– Character: The characters in this book were very believable because the author put a lot of detail into each character. My favorite character was Cinder because she had the most mysterious character development throughout
– Setting: The setting was described in lots of detail how this was the future of humankind. I liked how this science fiction was realistically futuristic. I could definitely see myself in this world because it is very intriguing.
– Plot: The plot made sense because all the events fell into place and the suspense worked out from past clues. Cinder’s actions made sense because she was a self-conscious Cyborg and Kai’s actions made sense because he was losing his father to the disease andwas living in fear of his world. Also, this book was a modern dystopian version of Cinderella and the events really fit into place from the traditional fairy tale.
– I would highly recommend this science fiction book. I really enjoyed this book, it had mystery, suspense, and many plot twists. I would definitely recommend reading the rest of the books in this series after you finish this one.
Way of Kings by Brandon Sanderson (2010)
Reviewed by Joe
Way of Kings is the first book in the Stormlight Archive, a series in progress in Brandon Sanderson’s Cosmere. Taking place about six years into a war between the humans of Roshar and their enemies, known as the Parshendi, the book follows a surgeon turned soldier then slave, a scholar and a thief, and an aging general, among others. As always, Brandon Sanderson has made a masterpiece.
The main character focused on in this book is a slave named Kaladin. The development of Kaladin throughout the book is excellent. One of the largest mistakes authors can make in character development is perfecting their protagonist. Kaladin’s biggest strength as a character are his flaws. They are expertly written, expanded upon, and evolving throughout the story. Among the other characters in Way of Kings, the most interesting to me is Dalinar. Bearing the burden of a kingdom on his shoulders while upholding a pristine life, Dalinar is faced with what originally seems to be effects of his old age. However, they are so much more.
Including not only Dalinar’s plights, but the Parshendi, the significance of Sylphrena (another side character, a kind of spirit called a spren), and the obligatory map at the beginning of the book, Roshar is an amazingly detailed world. Not only the interesting geography, but the magic system and the cultures break so many tropes fantasy books fall into, and call attention to the flaws of those that it does. Although expanded upon in the rest of the series, the medieval-European style of Alethi society is put in stark contrast with the Unkalaki, Herdazian, Shin, and especially Parshendi cultures displayed in the first book in the Stormlight Archive.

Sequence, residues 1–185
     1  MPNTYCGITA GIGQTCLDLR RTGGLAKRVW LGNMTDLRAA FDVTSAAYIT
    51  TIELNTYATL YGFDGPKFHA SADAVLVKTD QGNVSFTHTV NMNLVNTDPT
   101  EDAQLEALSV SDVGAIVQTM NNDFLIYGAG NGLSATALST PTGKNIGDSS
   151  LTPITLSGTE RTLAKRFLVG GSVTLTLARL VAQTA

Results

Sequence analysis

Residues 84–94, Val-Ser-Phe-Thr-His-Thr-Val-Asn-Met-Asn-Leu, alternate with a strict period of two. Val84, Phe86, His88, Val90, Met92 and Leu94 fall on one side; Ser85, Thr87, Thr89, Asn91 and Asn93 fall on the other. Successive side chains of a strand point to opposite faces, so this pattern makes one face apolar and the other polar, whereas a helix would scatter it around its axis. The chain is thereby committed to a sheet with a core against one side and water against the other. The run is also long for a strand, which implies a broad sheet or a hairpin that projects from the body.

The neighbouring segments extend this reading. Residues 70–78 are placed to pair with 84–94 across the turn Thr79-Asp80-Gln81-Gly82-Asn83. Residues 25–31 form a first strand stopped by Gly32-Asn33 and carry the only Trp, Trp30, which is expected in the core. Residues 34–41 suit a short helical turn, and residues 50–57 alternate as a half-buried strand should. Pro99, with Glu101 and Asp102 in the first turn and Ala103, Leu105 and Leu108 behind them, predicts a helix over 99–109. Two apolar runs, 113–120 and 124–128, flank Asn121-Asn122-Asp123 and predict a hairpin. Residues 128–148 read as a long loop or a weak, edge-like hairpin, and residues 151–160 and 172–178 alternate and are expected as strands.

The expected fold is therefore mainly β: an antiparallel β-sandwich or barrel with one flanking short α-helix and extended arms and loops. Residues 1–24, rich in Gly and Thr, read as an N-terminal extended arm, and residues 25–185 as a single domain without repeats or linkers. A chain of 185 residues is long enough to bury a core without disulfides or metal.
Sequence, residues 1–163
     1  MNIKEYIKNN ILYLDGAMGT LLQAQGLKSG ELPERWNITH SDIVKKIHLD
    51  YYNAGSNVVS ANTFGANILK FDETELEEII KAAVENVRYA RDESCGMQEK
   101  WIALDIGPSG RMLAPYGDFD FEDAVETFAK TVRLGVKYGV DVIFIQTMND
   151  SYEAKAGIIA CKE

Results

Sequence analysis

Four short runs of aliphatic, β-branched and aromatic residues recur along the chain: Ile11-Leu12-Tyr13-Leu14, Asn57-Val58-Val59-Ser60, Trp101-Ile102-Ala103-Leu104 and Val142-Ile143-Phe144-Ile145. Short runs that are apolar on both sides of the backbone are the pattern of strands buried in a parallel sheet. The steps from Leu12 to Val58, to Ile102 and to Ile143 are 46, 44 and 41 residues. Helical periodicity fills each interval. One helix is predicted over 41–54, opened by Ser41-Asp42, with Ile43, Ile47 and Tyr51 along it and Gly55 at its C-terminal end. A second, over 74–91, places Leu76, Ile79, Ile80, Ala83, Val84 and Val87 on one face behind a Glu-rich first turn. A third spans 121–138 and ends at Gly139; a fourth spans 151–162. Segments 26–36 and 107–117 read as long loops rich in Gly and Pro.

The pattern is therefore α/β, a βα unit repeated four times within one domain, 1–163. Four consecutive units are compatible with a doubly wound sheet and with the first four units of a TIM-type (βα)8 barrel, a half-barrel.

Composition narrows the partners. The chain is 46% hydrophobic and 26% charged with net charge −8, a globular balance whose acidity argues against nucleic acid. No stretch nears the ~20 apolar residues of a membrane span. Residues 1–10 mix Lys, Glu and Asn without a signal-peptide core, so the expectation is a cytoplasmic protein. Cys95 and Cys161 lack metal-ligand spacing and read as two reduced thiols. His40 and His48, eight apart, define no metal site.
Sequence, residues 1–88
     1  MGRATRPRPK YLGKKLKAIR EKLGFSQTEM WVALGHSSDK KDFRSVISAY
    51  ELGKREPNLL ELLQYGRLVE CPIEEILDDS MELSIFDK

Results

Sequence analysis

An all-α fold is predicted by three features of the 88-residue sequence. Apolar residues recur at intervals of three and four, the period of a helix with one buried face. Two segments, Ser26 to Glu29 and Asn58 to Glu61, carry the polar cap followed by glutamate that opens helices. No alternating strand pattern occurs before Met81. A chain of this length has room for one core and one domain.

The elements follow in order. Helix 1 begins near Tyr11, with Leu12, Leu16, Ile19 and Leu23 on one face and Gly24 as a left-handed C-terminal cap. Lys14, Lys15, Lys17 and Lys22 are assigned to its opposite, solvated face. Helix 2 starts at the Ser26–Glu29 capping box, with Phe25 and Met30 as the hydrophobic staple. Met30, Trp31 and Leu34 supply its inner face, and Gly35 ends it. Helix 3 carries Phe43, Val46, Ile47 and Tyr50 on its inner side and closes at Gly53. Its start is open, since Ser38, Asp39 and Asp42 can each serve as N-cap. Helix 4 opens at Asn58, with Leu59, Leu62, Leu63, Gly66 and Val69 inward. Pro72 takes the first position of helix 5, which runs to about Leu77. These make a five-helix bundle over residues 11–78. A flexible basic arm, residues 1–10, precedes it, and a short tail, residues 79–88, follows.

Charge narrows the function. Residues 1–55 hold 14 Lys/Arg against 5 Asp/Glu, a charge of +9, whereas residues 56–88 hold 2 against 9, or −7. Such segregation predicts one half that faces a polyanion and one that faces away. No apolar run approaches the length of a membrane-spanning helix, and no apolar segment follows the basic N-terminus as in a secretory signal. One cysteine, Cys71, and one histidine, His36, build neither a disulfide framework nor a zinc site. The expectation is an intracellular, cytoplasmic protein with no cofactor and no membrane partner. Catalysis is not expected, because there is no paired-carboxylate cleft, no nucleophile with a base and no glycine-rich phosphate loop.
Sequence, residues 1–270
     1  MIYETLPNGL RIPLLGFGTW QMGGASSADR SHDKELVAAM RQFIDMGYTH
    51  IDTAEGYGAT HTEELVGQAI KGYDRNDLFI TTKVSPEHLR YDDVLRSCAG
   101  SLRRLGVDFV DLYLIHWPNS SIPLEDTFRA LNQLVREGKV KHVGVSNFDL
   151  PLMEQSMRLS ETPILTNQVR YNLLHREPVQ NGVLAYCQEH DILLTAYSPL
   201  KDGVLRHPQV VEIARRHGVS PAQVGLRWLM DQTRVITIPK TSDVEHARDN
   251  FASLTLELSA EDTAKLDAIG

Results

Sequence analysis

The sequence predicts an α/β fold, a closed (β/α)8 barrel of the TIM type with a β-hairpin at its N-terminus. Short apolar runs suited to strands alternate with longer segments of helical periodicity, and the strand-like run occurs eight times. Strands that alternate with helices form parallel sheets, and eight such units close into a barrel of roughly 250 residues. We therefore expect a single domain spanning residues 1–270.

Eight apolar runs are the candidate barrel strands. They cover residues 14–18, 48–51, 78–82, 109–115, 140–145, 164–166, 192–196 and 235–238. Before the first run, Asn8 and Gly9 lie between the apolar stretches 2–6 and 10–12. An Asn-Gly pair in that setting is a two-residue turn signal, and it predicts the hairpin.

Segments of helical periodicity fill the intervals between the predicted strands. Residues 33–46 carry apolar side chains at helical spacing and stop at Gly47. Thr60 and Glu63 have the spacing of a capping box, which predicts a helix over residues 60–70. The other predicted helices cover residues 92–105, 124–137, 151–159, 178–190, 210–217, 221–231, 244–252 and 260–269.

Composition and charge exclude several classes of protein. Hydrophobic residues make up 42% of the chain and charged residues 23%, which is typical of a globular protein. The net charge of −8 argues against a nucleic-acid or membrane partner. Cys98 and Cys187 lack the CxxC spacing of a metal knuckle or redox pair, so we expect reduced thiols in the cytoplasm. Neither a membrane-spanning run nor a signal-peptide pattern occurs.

The plots of The Way of Kings are just as convoluted and masterful as all Sanderson’s Cosmere books, if not more. Starting off with two entirely separate stories, it seems as if you’re reading two books at once. While this style of writing can be off-putting, I personally enjoyed it, attempting to piece together different parts of the stories. Weaving in the scholarly life of Shallan in Jah Keved, the hard and deadly work of Kaladin on the warfront, and Dalinar’s much more refined experience on the same front lines as he enjoys (and still rejects) the life of nobility in the war camps, the entire story culminates in a twisting of emotions that sets up the greater war that is to descend on Roshar.
My one complaint with the plot is the lack of Shallan’s involvement with the main plot. Although it gets incorporated later in the series, it seems a bit out of place, and used to help fill in information, rather than plot lines. Due to this and a few more points, I would rate The Way of Kings by Brandon Sanderson an 8/10. Overall it is an amazing (although very long) novel, but a few small hiccups detract from the book overall.